Why do cats purr so loud. This can be when you pet them, or when they’re sitting with you on the couch and enjoying your company.
Well, cats have a unique ability to tune their purrs to an incredibly low frequency. So low that it cannot be heard by the human ear! These ultra-low-pitched sounds are at 25–100 Hz and can travel through the air, water, and pretty much anything else.
Once a cat starts purring, all of the muscles in the larynx contract and dilate to rapidly vibrate vocal folds creating these deep vibrations. All of this happens while cats inhale and exhale which helps keep them from choking on their saliva or from being injured by these vibrations.
Why do cats purr so loud
My cat Harry is a curious little fella and he tends to be very cautious when investigating new environments. It’s not unusual for him to purr loudly whenever he’s exploring the back of my wardrobe or when I’m making coffee on a weekend morning. Sometimes Harry will purr loudly after being startled or after stressful episodes like being chased by another dog.
What about the cats who purr so loud?
Some cats – like tigers – can produce sounds up to 100 decibels! To put that into perspective, a motorcycle engine is about 80 decibels. These cats also tend to be very large cats like lions and tigers.
Of course, cats don’t purr at this high frequency all the time, they just have the ability to. It’s thought that cats might purr at both low and high frequencies for different reasons.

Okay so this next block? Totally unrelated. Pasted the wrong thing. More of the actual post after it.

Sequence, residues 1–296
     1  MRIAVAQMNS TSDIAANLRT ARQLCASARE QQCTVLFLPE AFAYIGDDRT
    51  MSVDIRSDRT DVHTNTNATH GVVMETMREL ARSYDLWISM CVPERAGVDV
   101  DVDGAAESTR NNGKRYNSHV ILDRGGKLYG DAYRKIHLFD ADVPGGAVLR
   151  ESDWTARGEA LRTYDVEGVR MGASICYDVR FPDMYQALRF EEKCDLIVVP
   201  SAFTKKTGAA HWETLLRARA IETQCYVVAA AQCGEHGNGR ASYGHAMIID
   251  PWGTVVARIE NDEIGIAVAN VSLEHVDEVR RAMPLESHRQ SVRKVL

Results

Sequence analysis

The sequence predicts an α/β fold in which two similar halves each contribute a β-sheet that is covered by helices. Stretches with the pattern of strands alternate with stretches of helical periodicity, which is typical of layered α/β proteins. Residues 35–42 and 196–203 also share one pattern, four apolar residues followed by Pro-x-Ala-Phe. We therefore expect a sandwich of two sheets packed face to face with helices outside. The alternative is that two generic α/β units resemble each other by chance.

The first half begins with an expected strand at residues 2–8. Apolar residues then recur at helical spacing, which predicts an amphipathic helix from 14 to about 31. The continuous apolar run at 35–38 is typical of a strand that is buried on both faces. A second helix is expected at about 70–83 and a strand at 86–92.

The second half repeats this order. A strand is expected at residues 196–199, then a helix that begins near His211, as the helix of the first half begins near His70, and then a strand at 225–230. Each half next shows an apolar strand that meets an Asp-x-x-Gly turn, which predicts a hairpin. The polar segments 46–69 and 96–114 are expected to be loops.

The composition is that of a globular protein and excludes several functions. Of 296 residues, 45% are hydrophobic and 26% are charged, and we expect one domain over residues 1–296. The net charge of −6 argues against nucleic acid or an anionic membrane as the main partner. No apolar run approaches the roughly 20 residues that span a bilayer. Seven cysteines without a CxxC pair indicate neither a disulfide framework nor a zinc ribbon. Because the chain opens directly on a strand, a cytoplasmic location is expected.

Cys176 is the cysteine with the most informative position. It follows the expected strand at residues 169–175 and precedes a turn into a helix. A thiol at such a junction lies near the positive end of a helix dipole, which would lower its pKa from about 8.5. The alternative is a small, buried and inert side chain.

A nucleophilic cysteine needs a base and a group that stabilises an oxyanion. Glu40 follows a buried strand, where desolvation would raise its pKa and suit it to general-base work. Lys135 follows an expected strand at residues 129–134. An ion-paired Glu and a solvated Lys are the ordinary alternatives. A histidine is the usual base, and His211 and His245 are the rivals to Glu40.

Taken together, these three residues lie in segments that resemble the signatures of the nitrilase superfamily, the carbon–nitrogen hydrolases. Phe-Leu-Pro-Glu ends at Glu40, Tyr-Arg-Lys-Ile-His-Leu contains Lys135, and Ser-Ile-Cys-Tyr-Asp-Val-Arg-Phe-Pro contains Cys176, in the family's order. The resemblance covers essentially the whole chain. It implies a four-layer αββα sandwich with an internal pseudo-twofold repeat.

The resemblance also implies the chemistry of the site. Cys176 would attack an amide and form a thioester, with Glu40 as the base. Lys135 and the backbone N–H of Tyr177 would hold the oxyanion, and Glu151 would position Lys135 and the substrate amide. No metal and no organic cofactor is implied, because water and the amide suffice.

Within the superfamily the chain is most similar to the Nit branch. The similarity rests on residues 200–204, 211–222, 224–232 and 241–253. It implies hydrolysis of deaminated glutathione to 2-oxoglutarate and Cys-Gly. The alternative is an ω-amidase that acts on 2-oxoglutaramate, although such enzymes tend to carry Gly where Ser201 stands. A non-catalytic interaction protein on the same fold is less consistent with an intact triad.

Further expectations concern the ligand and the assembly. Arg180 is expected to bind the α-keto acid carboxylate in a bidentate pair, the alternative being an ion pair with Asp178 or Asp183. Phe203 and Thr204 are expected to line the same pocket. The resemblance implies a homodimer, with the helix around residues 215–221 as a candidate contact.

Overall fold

Some scientists think cats purr at low frequencies when they want their owners to come to find them – the cats are essentially calling for help! While cats purr at very high frequencies when they’re in particularly stressful or threatening situations.
For smaller cats, like domestic ones, purring is also a form of self-healing. By using vibrations cats are able to stimulate their muscles and bones which can help with injury prevention as well as healing after an injury has occurred.
- Purring happens naturally – it releases pleasure hormones that cats enjoy. So no matter why cats are purring they are probably doing it for a good reason!
- cats have muscles in their vocal folds that contract to create the purr sound
- cats can “tune” their purrs with their breathing – long inhales and exhales help cats keep their airways clear when purring
- This vibration has many purposes, including alerting owners of a cat’s presence if far away or drawing prey closer cats also have the ability to purr at different frequencies for different reasons.
- They can produce sounds up to 100 decibels which is similar to a motorcycle engine. Large cats typically do this more than small cats.
- Smaller cats may only need low-frequency purrs to get themselves back into good health (by stimulating their muscles and bones).
- cats purr naturally, it’s a pleasant event for cats that releases hormones to help cats feel calm. Because cats have this ability cats are likely purring for a good reason!